In The Crosshairs
Charles Blathras, NRP, FP-C, C-NPT, EMT-P, CMTE and Kenneth Panciocco, EMT, CFC, CMTE, Boston MedFlight
All good transport programs have a strong communications center that drives their program. It’s the nucleus of the program but an area that always seems to be in the crosshairs. We will discuss the challenges of recruiting the right people, what the right questions that arise , the scenarios, and second-guessing that they encounter on a daily basis. We will also look at the steps one program took to mentor, train, and build the confidence and autonomy that play an integral part to their overall success.
Long Distance Relationships, Do They Work? Side By Side Or Miles Apart…Always Connected
Brandon Eckard, CFC and Samuel Keller, CFC, MedComm
Whether you are many miles apart, state’s apart or maybe even further, the long distance relationship can be tough and require constant work, dedication and communication. This session will spotlight how MedComm overcomes the distance and logistical challenges to provide their dispatching clients with needed and expected elements to make their individual missions safe and successful. Learn how communications specialists provide best-in-class customer service while processing requests for transports that include everything from ambulette, to Emergency and Non-Emergency ALS/BLS, to Mobile ICU, to Rotor-wing and Fixed-wing and from neonatal to adult. Learn how MedComm provides a full service commitment, operating with a One-Call-Does-It-All approach and how real-time data and metrics support the multiple air and ground transport programs they serve. Learn more about the training program for the communicators and learn how the leadership structure of MedComm provides each program their direct link to MedComm. Finally, learn how MedComm’s constant work, dedication and communication is making each one of our long distance relationships successful.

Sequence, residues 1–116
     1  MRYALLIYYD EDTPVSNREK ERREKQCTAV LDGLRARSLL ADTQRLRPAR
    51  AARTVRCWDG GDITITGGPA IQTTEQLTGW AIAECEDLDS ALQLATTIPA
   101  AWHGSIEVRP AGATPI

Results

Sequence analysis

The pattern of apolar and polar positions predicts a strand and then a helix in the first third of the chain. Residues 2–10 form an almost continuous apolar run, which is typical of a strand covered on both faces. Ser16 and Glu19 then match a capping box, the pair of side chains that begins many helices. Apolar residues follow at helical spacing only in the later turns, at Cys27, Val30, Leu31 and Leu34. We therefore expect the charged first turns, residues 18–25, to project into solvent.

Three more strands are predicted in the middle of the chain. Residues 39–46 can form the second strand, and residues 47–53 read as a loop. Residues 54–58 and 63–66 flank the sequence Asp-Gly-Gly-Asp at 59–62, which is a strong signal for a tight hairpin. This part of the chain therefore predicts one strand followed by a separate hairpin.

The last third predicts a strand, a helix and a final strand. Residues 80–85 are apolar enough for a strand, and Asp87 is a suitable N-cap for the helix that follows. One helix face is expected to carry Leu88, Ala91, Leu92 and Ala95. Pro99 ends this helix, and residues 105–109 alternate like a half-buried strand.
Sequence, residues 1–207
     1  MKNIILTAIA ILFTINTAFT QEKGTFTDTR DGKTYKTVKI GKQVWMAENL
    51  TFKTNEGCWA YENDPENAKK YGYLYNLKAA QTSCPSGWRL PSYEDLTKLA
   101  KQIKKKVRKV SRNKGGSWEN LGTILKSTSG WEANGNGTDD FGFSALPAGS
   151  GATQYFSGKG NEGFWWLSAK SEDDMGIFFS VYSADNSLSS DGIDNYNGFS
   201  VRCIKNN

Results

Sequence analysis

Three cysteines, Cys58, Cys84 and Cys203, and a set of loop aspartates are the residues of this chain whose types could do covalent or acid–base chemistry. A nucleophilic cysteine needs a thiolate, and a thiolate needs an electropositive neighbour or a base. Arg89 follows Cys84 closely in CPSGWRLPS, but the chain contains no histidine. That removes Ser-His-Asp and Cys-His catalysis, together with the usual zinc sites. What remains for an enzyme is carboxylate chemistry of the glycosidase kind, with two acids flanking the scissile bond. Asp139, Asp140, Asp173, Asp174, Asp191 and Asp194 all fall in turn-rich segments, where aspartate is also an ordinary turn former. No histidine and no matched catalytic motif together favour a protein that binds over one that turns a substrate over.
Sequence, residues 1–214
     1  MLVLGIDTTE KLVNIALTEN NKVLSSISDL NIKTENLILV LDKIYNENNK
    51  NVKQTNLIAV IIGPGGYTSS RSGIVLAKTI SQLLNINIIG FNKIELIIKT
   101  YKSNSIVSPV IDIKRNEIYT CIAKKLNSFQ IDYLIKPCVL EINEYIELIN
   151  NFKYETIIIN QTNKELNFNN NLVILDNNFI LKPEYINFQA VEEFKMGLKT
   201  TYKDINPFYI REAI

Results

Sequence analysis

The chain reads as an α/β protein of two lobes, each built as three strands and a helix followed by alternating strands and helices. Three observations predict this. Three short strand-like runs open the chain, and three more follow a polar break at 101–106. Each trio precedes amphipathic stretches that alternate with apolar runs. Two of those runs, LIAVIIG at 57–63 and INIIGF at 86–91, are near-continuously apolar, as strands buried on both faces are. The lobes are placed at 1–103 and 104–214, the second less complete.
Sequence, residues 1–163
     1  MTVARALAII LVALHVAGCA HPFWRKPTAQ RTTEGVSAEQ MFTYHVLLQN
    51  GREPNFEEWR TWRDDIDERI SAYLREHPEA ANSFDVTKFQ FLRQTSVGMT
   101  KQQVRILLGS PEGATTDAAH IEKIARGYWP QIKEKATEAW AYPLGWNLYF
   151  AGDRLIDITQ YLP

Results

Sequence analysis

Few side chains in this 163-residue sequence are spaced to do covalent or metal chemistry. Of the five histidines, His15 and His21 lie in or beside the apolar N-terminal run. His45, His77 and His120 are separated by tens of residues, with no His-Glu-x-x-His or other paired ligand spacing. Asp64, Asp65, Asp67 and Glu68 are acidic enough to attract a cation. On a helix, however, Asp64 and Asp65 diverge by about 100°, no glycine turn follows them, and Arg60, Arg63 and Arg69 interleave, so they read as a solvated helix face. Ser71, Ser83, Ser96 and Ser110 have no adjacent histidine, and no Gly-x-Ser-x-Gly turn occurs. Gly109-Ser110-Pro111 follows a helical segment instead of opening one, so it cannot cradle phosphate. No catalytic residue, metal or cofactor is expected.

There and Back Again: A Communication Center’s Story
Richard L. Swedbergh, EMT-B, FP-C, CMTE (MBA 12/18) and Amanda Wigman, CFC Guardian Air
Guardian Air had to learn the hard way what happens when you don’t manage a communication center well. The program ultimately had the communication center combined with a ground service dispatch. This resulted in a systematic failure of service and ultimately resulted in plans to close the communication center and outsource to a vendor for flight dispatch services. The staff who were faced with the possibility of losing their jobs rose up to fight for what they believed they could create, and helped to win over hospital leadership to support and finance the building of a brand new communication center, going from Guardian Air’s black sheep to one of the true highlights of our program.